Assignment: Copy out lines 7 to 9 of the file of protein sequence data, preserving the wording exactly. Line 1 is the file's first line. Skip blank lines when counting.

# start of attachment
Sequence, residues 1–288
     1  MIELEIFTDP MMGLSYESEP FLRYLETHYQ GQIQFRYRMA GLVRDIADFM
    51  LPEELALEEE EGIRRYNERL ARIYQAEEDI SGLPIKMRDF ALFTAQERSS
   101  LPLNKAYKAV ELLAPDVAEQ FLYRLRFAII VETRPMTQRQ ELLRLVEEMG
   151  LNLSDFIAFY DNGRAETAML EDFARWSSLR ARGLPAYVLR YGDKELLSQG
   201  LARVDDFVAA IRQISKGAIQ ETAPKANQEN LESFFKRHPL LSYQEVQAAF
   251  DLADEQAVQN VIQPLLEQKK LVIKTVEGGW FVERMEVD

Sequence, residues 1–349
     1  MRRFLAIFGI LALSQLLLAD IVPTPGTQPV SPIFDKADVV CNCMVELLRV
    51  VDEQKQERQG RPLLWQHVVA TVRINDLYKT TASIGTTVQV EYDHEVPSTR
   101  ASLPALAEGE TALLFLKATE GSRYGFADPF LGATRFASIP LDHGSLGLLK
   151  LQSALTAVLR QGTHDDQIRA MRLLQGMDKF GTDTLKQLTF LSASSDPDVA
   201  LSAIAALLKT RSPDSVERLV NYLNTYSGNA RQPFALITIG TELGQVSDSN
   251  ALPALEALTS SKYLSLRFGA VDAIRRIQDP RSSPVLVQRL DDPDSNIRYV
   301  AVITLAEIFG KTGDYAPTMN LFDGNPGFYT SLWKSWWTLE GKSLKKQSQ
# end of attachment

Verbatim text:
   251  DLADEQAVQN VIQPLLEQKK LVIKTVEGGW FVERMEVD

Sequence, residues 1–349
     1  MRRFLAIFGI LALSQLLLAD IVPTPGTQPV SPIFDKADVV CNCMVELLRV